Barbara Lopes Cardozo, MD, MPH, CDC Division of Global Health Protection

“Total health” includes both physical and mental health. The Surgeon General’s landmark report on mental health in 1999 raised awareness about the inter-connectedness of mind and body, of physical and mental health. That reality has been validated ever since. However, mental health and addressing mental health-related problems are often under-emphasized.

CDC recognizes that the mental health of individuals in the community is a vital component of public health and that public health cannot be adequately addressed without also addressing mental health. Therefore, CDC is working on the public health issues related to mental health.

Improving Disease Surveillance and Outbreak Response in the Latin American and Caribbean Region through the Field Epidemiology Training Program

Categories: global health security, health systems strengthening, infectious disease, noncommunicable diseases (NCDs)

 

FETP residents taking water sample to test for cholera (2013)

FETP residents taking water sample to test for cholera (2013)

Dr. Victor Caceres, CDC Field Epidemiology Training Program Branch

Dr. Victor Caceres, CDC Field Epidemiology Training Program Branch

With increased global travel, everyone is more vulnerable to emerging and reemerging public health threats. This vulnerability is why every country needs a team of highly trained epidemiologists that can detect and rapidly respond to outbreaks and is why CDC is committed to working with countries to establish and support Field Epidemiology Training Programs (FETPs) all over the world including the Latin American and Caribbean (LAC) region.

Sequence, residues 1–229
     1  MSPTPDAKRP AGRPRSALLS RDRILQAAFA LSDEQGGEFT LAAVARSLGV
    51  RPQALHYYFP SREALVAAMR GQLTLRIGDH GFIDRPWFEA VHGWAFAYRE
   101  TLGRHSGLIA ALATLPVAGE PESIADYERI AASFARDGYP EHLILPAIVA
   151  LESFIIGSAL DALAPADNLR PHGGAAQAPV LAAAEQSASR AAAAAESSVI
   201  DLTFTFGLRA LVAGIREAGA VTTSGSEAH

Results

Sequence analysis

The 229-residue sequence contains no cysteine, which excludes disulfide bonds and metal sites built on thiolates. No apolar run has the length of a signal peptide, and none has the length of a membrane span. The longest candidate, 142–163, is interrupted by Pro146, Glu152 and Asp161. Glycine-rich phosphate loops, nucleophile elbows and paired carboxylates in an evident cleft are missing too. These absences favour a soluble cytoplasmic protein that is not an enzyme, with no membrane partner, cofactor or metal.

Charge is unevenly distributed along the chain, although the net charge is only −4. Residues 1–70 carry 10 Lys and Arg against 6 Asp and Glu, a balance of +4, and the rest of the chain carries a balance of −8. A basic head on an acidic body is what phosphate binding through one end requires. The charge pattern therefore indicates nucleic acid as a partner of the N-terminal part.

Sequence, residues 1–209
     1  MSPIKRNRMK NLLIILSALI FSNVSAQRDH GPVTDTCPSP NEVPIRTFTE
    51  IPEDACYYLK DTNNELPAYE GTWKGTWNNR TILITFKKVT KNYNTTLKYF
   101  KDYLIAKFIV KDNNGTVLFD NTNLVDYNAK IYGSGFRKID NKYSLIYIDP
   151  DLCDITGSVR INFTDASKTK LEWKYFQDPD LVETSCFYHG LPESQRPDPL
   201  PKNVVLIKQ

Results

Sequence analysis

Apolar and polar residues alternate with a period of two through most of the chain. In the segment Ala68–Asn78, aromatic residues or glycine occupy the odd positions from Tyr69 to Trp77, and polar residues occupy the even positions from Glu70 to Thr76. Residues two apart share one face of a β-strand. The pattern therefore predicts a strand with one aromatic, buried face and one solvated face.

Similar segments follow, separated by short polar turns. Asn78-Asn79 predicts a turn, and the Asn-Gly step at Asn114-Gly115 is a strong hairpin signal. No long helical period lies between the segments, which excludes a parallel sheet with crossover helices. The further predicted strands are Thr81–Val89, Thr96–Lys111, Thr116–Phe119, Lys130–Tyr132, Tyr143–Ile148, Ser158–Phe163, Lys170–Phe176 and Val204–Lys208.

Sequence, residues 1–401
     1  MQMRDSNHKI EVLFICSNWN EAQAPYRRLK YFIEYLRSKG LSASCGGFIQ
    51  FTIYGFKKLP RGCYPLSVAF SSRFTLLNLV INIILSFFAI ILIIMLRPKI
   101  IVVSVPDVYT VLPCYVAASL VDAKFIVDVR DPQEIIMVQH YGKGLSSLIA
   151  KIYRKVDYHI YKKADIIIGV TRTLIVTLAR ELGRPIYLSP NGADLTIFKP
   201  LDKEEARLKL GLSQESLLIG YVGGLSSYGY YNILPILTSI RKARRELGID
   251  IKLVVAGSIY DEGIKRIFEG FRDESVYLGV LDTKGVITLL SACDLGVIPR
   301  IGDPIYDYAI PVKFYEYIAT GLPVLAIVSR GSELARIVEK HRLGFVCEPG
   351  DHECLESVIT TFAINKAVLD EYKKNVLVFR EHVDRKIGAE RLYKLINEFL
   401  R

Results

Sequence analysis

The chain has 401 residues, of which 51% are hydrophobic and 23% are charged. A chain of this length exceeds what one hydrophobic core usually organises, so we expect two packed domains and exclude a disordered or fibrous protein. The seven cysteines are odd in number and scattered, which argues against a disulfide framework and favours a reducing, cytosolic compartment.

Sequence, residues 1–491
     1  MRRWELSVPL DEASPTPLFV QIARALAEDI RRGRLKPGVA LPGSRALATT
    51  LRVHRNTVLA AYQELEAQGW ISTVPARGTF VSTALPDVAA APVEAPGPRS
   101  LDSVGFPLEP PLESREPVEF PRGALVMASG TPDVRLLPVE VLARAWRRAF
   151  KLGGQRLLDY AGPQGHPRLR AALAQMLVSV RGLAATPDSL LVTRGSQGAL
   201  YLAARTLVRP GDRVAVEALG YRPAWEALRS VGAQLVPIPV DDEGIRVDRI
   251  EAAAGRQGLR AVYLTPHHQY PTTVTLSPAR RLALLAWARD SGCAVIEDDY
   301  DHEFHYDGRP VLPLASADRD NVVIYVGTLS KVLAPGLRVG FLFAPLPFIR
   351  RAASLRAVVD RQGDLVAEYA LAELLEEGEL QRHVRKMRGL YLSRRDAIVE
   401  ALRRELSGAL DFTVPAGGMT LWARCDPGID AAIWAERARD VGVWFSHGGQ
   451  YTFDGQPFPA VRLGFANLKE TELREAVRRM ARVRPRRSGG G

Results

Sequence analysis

For the last three years, CDC has been working with the Dominican Republic’s Ministry of Health (MoH), in collaboration with the University of Puerto Rico, to strengthen basic and intermediate-level training capacity for epidemiologists and laboratory personnel as part of the three-tiered “pyramid” training model developed and implemented by countries in Central America. 

Increasing Community and Stakeholder Knowledge, Awareness, and Acceptability of Cervical Cancer in Kenya

Categories: cancer, noncommunicable diseases (NCDs), women's/maternal health

Children in Kibera, Nairobi, Kenya

Children in Kibera, Nairobi, Kenya (Photo courtesy of Natasha Buchanan, CDC)

This year, in recognition of World Cancer Day, CDC’s Division of Cancer Prevention and Control (DCPC) is raising awareness about the impact of cancer around the world and CDC’s efforts to reduce the global burden. DCPC’s global activities include cancer prevention and control projects in Colombia, Brazil, Bolivia, Trinidad and Tobago, Tanzania, Kenya, Zambia, Botswana, India, Thailand, and Vietnam.

Natasha Buchanan, PhD, CDC Division of Cancer Prevention and Control

Natasha Buchanan, PhD, CDC Division of Cancer Prevention and Control

Many of these global projects are focused on helping to reduce the burden of cancer in developing regions, where more than half of the annual 14 million new cancer cases and 8 million cancer deaths occur. Among women worldwide, cervical cancer is the fourth most common cancer and the fourth leading cause of cancer-related death, but in less developed regions, the burden is much higher.

Eighty-five percent of cervical cancer deaths occur in developing countries where cervical cancer screening programs are incomplete or nonexistent. Because most women with cervical cancer in developing countries are 50 years old or younger, cervical cancer is the largest cause of years of life lost due to cancer in the developing world.

Working together to help strengthen Kenya’s capacity for birth defects prevention: A great collaborative start

Categories: child health, noncommunicable diseases (NCDs)

 

Working together to help strengthen Kenya’s capacity for birth defects prevention

 

Alejandro Azofeifa and Diana Valencia work to expand birth defects surveillance worldwide through Birth Defects COUNT, a CDC global initiative.

A Call for Assistance

Diana Valencia

Diana Valencia

Alejandro Azofeifa

Alejandro Azofeifa

In early 2012, Dr. Leland Albright, a pediatric neurosurgeon at Kijabe Hospital in Kijabe, Kenya, alerted CDC to what appeared to be a rising number of patients with some serious birth defects of the brain and spine called neural tube defects. He asked CDC to help pinpoint whether the prevalence was actually increasing or if there was simply an increased number of referrals to the hospital from throughout Kenya. Dr. Albright also questioned whether genetic, nutritional or social factors could be causing the increase.